[This letter was individually sent to all 17 members of the Walmart Board of Directors]

March 19, 2013

Dear Board member,

I am writing to you today to urge Walmart’s support in raising the federal minimum wage, which has remained stagnant at $7.25 since 2009. The minimum wage in 1968, if adjusted for inflation, would be $10.50 today. Considering the fact that worker productivity has doubled since 1968, Walmart employees are worth far more than they are currently being paid.

About one million Walmart workers currently make between $7.25 and $10.50 per hour. Raising your workers’ wages to a $10.50 per hour minimum—catching up to the 1968 minimum wage, inflation adjusted—would cost your company less than $2 billion—a relatively small fraction of your total U.S. sales of more than $313 billion. A minimum wage of $10.50 per hour would mean fewer Walmart workers would have to rely on government relief. A minimum wage of $10.50 per hour would also surely mean a lesser rate of employee turnover. And there are benefits—where are the majority of Walmart’s minimum wage employees likely to spend much of their extra money? Walmart, of course.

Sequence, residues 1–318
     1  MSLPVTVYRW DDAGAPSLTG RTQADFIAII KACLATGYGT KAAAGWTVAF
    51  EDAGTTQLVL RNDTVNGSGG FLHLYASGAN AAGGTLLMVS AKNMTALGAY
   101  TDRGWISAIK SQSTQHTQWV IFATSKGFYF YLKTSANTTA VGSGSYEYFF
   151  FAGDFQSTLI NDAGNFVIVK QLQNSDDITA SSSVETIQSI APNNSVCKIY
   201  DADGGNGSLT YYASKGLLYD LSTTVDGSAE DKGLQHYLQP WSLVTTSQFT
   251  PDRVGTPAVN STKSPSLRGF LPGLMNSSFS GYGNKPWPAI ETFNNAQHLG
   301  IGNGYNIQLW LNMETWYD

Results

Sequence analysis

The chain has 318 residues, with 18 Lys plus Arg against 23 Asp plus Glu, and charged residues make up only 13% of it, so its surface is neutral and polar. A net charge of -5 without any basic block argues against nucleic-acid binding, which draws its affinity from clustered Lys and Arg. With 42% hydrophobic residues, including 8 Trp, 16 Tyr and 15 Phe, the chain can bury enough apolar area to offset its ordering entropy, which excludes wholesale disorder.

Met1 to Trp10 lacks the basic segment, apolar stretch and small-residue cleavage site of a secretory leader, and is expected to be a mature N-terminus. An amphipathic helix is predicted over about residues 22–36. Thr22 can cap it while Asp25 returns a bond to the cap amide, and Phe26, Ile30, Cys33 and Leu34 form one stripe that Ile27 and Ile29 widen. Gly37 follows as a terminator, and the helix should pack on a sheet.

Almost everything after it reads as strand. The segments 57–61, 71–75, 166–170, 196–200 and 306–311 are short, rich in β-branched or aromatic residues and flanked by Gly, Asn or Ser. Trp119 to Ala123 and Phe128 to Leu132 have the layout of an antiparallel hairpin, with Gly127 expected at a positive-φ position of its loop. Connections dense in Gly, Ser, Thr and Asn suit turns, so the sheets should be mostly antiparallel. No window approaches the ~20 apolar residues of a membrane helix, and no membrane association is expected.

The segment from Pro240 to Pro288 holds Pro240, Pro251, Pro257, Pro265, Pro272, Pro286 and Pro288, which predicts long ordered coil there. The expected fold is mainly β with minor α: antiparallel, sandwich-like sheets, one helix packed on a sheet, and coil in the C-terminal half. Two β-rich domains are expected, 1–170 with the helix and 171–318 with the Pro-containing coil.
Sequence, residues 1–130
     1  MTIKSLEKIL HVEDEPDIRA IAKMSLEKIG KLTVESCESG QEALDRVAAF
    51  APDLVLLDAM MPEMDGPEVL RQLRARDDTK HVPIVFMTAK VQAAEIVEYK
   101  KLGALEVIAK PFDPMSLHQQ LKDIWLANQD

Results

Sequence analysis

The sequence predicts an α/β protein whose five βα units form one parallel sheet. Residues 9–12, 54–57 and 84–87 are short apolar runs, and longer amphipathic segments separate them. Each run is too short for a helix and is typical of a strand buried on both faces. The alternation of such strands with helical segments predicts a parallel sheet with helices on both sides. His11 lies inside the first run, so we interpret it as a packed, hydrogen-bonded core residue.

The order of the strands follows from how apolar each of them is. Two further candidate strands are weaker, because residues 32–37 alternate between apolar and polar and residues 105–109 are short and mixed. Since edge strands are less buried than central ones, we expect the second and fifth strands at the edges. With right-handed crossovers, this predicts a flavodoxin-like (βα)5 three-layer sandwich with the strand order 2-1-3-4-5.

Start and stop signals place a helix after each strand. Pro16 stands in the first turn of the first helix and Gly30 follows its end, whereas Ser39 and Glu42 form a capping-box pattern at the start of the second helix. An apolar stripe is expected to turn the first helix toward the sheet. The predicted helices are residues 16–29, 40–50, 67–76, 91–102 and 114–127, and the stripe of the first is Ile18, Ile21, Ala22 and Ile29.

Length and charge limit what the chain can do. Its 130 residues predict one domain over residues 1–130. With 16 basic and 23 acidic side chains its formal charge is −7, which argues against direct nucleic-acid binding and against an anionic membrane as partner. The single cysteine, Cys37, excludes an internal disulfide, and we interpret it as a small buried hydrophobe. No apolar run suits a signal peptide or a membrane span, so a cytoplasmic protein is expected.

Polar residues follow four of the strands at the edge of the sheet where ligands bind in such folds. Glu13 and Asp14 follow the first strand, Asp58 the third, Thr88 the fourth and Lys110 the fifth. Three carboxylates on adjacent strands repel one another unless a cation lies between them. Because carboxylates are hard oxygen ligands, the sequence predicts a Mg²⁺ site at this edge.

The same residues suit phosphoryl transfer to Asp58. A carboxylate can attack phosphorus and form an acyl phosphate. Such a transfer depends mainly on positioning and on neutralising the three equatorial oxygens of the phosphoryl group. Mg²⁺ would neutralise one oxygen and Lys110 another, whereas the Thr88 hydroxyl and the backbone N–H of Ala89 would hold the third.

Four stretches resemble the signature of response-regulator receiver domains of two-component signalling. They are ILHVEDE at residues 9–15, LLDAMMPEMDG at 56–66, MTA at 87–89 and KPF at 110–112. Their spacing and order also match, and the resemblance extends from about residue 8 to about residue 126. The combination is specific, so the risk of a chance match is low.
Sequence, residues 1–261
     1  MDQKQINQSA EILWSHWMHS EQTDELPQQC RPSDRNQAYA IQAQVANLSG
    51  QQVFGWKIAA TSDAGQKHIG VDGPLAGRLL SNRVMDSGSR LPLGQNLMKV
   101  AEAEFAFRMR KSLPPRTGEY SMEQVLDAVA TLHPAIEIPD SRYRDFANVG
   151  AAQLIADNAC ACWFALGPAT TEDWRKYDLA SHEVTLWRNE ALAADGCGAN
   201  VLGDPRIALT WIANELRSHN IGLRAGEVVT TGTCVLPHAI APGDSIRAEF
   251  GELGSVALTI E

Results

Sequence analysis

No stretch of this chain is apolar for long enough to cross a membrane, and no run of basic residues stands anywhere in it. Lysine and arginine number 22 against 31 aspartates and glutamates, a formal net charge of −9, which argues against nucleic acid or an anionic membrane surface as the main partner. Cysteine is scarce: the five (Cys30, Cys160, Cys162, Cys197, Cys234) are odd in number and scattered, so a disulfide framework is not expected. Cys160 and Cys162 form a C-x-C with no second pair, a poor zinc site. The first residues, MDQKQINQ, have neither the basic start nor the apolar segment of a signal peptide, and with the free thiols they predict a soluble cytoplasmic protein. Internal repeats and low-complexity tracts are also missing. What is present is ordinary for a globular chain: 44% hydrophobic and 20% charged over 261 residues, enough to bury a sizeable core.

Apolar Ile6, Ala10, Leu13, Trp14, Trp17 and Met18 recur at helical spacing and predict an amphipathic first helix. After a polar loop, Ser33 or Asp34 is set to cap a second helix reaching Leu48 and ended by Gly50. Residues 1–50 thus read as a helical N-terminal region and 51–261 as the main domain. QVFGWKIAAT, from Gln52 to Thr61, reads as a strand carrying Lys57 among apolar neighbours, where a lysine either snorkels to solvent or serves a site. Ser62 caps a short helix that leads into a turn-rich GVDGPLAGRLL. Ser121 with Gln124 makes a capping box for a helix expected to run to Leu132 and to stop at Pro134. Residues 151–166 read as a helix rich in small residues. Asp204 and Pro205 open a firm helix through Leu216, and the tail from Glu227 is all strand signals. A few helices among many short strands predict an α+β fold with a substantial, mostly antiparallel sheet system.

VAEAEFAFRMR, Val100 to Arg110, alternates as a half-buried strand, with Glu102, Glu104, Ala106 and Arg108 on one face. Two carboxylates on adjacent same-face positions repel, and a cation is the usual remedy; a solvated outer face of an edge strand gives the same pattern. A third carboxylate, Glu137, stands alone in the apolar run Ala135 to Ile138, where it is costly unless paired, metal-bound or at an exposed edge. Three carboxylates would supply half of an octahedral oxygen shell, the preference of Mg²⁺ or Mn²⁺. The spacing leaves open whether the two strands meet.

Costco, one of your chief competitors, has already taken the lead on this issue—Costco CEO Craig Jelinek has gone on the record saying he supports a minimum wage of over $10. Costco starts their workers at $11.50 per hour. It should be noted that recently released sales figures show big growth for Costco, whereas Walmart’s sales are slowing. Clearly the strategy of paying workers a fair wage is resulting in a more profitable and stable company and a productive workforce with better word-of-mouth and positive public relations.

If Walmart were to throw their support behind raising the minimum wage to catch up with 1968, it would benefit the economy, it would benefit thirty million American workers who have suffered under a stagnant minimum wage, and it would, ultimately, benefit Walmart as well.

I have written two letters to your CEO, Mike Duke, asking for his support in this matter. I have yet to hear back from him. In one of the letters, I ended with a quote from Henry Ford, which I will include here as well:

“If you cut wages, you just cut the number of your own customers. If an employer does not share prosperity with those who make him prosperous, then pretty soon there will be no prosperity to share. That is why we think it is good business always to raise wages and never to lower them. We like to have plenty of customers.”

Sincerely,
Ralph Nader